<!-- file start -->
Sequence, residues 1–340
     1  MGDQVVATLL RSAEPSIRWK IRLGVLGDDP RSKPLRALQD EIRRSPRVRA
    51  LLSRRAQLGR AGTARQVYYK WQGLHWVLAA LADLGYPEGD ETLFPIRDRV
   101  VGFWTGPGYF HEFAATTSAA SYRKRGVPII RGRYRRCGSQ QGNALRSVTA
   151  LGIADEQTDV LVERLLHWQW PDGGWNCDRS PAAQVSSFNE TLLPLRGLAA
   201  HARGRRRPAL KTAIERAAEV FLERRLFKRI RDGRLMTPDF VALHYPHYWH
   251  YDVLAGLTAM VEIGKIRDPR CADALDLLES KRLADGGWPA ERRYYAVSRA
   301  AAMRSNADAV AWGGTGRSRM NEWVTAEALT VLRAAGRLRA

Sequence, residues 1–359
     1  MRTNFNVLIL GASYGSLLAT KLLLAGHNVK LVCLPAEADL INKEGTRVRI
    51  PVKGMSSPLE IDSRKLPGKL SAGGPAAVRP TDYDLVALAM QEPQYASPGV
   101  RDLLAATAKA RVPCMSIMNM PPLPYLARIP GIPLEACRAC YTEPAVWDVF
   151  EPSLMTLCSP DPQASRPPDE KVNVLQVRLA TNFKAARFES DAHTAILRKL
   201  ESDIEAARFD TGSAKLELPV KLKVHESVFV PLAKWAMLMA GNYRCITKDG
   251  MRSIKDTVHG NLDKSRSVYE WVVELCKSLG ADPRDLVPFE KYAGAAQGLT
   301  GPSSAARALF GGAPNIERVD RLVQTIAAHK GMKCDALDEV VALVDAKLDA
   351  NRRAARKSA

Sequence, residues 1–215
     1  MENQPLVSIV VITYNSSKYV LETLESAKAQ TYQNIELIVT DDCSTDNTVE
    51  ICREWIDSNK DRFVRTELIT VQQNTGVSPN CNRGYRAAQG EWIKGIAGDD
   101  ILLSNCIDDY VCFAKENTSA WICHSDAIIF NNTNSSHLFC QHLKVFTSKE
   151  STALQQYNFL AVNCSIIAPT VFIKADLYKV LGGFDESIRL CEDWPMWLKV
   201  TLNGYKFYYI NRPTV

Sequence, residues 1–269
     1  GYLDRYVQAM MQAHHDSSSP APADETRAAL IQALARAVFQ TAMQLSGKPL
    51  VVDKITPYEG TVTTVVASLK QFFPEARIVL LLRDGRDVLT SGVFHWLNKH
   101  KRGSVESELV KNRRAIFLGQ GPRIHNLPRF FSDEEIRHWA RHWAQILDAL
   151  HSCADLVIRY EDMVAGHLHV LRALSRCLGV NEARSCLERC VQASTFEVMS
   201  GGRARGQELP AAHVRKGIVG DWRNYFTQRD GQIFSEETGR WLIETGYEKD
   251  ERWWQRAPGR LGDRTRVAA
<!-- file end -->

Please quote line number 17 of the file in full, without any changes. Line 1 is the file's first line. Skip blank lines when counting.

   351  NRRAARKSA